We rarely show a classic pickup that's not attempting to emulate the street-rod aesthetic of the past, or the laid-out latitude of contemporary custom styles. So, what is this? Could this be something...different? A '58 Chevy Apache with big, knobby tires and a notable lift?

Back in the day, farmers and ranchers certainly needed to haul their fence posts and what not across the rough and tumble of the off-road. So, a lifted 4x4 Chevy shouldn't be a surprising sight. But it is, and a pleasant one, too-not just for the old-skool, get-the-job-done vibe radiated by this old pickup, though. It's got some new-skool, head-turning, turf-churning mods, too. San Diego, California, resident Dixie Brown, bought the truck in 1967 and recently spent four years working with Street Rod Factory in San Marcos, California, to get it to look like it does right now.

We'll start with the tilt front end. At first, we thought it was just the hood that tilted forward, but a second glance revealed the hood, headlights, grille, fenders, and everything were integrated into one piece and now rotate forward automatically to uncover the engine compartment. Street Rod Factory (SRF) made this mod happen, as well as just about everything else on this truck, except for the upholstery and transmission. The truck's front end retains the classic design; with the exception of the chrome applied to the headlight bezels, the grille, and the bumper. Also, the Chevrolet hood badging has been nixed.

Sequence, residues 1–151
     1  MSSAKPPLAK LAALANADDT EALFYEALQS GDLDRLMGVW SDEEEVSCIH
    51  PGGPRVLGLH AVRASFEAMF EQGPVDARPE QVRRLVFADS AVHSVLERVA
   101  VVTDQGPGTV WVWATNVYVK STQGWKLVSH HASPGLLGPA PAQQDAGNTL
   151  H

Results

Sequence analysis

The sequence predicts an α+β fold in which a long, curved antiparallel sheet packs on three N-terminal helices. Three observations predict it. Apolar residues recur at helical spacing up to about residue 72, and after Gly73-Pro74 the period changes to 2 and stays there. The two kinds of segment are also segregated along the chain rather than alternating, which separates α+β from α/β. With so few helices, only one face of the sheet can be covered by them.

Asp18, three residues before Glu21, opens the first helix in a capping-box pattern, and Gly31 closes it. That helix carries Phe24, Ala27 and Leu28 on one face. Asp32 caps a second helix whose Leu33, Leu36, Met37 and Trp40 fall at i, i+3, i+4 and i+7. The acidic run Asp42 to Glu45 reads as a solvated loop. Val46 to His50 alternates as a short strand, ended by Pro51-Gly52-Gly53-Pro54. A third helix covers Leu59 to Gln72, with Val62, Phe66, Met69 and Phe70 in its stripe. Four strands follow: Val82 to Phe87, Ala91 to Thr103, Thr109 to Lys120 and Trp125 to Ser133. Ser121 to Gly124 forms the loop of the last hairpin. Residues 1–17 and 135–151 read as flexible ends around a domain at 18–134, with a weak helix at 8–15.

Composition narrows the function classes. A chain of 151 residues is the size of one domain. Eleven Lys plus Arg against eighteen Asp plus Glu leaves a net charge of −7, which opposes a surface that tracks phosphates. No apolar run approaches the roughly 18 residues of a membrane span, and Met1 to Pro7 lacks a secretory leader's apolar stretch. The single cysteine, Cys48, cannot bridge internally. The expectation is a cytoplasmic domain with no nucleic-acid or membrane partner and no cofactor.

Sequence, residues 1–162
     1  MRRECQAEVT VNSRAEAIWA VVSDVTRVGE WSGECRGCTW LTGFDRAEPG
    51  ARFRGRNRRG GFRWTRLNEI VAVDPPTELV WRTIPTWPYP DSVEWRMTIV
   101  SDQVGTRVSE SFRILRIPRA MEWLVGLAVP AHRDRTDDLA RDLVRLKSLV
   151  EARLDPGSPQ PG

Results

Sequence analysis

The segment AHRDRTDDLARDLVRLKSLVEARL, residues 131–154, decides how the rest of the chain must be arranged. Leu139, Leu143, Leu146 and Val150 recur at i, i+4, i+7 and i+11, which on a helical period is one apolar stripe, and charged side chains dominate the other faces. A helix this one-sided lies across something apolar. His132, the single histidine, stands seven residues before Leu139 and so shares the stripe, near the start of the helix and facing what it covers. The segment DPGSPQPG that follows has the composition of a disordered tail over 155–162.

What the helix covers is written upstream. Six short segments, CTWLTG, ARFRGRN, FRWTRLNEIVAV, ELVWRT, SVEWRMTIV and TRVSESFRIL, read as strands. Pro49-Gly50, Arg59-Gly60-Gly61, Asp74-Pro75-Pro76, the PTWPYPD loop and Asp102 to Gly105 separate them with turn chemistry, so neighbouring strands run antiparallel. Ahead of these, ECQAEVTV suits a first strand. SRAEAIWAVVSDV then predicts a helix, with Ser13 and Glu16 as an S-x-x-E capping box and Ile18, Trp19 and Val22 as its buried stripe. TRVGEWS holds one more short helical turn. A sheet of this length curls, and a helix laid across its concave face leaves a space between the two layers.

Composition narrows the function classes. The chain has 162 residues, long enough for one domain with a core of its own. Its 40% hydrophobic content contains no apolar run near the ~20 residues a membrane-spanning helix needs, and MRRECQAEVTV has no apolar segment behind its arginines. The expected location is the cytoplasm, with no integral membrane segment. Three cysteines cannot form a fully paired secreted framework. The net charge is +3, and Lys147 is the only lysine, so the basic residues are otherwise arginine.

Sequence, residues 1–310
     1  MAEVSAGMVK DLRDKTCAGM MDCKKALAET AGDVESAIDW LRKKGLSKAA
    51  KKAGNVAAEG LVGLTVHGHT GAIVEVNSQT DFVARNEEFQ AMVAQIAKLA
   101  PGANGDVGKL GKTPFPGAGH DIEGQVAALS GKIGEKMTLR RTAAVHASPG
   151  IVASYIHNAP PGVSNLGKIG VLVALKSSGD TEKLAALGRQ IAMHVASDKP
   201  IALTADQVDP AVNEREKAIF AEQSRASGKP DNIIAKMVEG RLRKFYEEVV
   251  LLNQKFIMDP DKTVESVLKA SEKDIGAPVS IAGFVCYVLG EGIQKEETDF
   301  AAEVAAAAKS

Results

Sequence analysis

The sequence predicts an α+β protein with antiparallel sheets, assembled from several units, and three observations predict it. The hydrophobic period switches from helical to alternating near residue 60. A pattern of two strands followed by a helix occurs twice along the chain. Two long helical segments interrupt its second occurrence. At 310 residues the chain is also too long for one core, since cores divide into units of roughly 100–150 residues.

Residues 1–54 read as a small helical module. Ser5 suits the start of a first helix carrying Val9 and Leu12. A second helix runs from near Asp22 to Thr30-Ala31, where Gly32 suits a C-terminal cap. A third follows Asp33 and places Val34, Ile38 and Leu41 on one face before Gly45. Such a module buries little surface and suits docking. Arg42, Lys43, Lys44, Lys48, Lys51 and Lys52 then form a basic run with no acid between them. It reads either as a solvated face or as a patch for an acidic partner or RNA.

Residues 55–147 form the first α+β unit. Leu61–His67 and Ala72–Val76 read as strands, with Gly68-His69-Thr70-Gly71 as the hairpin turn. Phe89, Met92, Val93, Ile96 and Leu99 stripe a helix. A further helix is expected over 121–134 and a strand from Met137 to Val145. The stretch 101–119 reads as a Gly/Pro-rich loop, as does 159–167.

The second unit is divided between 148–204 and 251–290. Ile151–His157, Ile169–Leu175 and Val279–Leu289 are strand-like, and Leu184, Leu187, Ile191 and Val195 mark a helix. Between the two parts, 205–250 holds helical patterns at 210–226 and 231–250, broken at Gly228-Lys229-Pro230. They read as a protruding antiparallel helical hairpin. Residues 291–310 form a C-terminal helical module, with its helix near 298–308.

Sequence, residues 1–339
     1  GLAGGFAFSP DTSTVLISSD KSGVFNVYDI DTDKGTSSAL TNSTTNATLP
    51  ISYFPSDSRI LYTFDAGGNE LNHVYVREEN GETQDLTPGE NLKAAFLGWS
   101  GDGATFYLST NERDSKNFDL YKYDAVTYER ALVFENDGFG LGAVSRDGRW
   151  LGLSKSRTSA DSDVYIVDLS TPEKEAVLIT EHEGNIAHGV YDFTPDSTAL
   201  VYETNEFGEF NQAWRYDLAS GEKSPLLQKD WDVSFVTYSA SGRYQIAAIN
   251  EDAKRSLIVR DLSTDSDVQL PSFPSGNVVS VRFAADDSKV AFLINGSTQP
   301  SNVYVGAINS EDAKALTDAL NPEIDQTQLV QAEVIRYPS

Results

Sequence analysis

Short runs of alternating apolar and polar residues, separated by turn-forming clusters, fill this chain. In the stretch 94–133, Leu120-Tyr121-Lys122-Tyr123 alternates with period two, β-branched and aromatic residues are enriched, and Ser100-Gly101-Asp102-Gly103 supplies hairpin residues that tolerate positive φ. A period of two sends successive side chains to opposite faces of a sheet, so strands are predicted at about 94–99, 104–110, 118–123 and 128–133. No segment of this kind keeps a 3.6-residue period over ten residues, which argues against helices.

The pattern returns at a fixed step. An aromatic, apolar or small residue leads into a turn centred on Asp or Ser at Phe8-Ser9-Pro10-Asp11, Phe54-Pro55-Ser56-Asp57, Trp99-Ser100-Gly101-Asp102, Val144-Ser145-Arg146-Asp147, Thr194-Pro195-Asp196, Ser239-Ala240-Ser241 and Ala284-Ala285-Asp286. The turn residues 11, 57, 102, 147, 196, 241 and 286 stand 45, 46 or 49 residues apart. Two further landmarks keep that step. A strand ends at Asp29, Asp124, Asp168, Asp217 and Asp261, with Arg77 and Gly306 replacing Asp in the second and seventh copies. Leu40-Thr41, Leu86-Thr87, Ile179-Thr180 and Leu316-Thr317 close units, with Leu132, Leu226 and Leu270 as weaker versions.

SRF made sure that the cab and rear belt line up -raising the bed 4 inches in the process. The molded bedrails and rear of the cab have been smoothed and finished. The cab seams went away, but they weren't the only things to go; the door handles were shaved and the taillights have been transformed into a vertical slice of LEDs. SRF yanked the rear bumper and replaced it with a custom roll pan, then applied custom inner fender wells, as well. Next, tiny sport mirrors replaced the originals, and the doors now swing suicide style. We like the wood-lined bed floor with ebony highlights that match the truck's PPG Black and Barely Blue paintjob. An electric ram lifts one of the planks in the bed to reveal the fuel filler and two batteries, while another set of rams opens and closes the tailgate.